“When the wind is southerly, I know a hawk from a hacksaw,” said Hamlet, who was trying to explain to Rosencrantz and Guildenstern that he was only slightly mad. It’s not clear whether Jeremy Barnes was trying to evoke madness, or merely claim that he wasn’t when he named his band after the Dane’s quote.

The former Neutral Milk Hotel drummer is now peddling European-inflected gypsy folk as half of A Hawk and a Hacksaw. The other half is violinist Heather Trost, who sticks mainly to the one instrument. Barnes can’t resist having a go at all sorts of things, donning a hat with several bells and a drumstick attached to it, and beating said hat against a cymbal from time to time.

The band are tonight supposed to be supporting friends and fellow scenesters Beirut, but that band’s frontman Zach Condon isn’t well and can’t take the stage, so A Hawk and A Hacksaw have been pushed up to headliners.

“I’d like to propose a toast to my friend Zach Condon,” says Barnes as he takes the stage, adding: “and also to your own health.” Despite the venue offering refunds on the door, most people have chosen to come in anyway, and they’re not being disappointed. It’s a little odd, when the indie mainstream is all about distorted guitars and wry lyrics, to find a hip crowd at the Luminaire so enthralled by this American take on European gypsy music. The pair look that part too, with Barnes’s facial decoration (and hat) adding to the between-the-wars feel. In fact, the handlebar moustache and the accordion accompaniment make him look a little like the living embodiment of the Beatles’ Mr Kite.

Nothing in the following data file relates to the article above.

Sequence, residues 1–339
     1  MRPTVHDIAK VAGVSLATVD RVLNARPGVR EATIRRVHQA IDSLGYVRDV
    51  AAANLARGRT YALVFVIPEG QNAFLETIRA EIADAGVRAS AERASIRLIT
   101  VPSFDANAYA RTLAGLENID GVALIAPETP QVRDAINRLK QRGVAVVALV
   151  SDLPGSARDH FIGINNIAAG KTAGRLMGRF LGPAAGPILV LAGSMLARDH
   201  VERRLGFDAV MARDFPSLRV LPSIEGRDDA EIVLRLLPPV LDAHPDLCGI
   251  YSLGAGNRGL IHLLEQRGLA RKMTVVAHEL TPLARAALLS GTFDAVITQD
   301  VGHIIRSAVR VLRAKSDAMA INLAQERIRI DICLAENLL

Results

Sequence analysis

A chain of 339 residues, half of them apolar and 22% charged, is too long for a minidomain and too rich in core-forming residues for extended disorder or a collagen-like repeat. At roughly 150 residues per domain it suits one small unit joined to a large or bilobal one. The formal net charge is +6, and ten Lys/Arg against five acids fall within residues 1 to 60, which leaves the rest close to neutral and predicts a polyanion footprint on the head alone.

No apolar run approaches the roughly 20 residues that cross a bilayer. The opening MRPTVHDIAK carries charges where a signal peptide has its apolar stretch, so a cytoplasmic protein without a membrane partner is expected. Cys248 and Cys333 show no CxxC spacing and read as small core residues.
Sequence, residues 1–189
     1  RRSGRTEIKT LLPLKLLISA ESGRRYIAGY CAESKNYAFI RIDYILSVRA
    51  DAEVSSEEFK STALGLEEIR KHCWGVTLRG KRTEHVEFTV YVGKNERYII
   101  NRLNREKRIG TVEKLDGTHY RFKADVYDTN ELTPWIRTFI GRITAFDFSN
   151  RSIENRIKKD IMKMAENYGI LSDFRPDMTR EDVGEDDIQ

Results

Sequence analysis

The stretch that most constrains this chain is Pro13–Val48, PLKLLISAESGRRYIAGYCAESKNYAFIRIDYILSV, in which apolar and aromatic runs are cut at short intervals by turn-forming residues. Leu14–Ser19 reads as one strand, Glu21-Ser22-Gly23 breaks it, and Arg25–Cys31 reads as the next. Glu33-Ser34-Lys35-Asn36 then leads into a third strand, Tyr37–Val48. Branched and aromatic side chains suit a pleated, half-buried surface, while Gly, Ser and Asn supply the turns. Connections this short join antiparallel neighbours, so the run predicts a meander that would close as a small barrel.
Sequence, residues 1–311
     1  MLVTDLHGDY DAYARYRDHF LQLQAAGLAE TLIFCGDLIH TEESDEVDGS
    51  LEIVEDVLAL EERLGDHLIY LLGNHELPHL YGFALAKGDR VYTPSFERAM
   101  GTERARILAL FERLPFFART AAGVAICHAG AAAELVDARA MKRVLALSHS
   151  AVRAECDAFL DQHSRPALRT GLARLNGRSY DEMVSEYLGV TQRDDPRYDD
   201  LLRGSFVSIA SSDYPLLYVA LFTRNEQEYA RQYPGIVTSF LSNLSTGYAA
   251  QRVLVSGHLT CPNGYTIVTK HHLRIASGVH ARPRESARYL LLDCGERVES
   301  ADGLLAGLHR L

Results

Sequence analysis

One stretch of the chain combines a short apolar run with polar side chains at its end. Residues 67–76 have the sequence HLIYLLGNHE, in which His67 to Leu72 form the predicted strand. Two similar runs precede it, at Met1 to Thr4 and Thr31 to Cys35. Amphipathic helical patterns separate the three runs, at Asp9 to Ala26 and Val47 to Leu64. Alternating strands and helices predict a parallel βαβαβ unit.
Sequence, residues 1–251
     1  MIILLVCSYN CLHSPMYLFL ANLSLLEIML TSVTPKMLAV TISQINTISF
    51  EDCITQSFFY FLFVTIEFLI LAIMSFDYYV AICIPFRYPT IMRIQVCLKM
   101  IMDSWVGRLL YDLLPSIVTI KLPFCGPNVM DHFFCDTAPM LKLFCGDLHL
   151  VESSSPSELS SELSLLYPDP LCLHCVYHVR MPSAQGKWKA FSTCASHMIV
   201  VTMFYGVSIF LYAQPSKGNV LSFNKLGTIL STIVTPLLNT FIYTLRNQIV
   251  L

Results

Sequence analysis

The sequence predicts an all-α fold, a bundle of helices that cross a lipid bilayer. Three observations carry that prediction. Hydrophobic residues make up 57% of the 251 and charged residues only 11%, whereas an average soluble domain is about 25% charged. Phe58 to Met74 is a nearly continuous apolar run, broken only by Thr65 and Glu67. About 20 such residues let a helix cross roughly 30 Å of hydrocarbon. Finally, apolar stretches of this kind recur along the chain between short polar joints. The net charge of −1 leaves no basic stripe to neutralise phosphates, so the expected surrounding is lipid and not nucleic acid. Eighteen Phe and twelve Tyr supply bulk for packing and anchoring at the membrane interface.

The American influence isn’t particularly powerful, except at the ends of the first few songs, which close with rock and roll perfect cadences.
Mostly, what the music evokes most of all is the markets and dusty streets of a bustling north African city. Barnes spends most of the first few songs playing the accordion, and it’s five numbers in before we hear any vocals, on 'Portland Town', a track that has the feel of an old English folk air, oddly enough.

Another odd note is that Barnes’s head cymbal doesn’t appear to be miked up. Perhaps he’s playing it for his own edification. It’s hard to tell, but it wouldn’t be entirely surprising.

For those of us without extensive Hawk and Hacksaw background knowledge, the first few tracks take a while to work themselves under our skins, but the initial apprehension is swiftly forgotten as the band’s sense of enjoyment works its way around the room. While the two of them are quite capable of rousing an entire room into the belief that they’re dancing around a campfire somewhere in central Europe, there’s more to come: for the last couple of songs, the duo are joined on stage by the rest of Beirut, who help them out with the closing tune, the most rousing yet. It’s a cover of a Kocani Orkestar song, and a fitting way to end the night, climaxing with a glorious, riotous eruption of strings and horns on stage, just when the campfire is burning its brightest.

Although it’s not quite the end – the band are back for one or two encores, but there’s no doubt that, even without those and without Beirut, the ticket price was well spent tonight.









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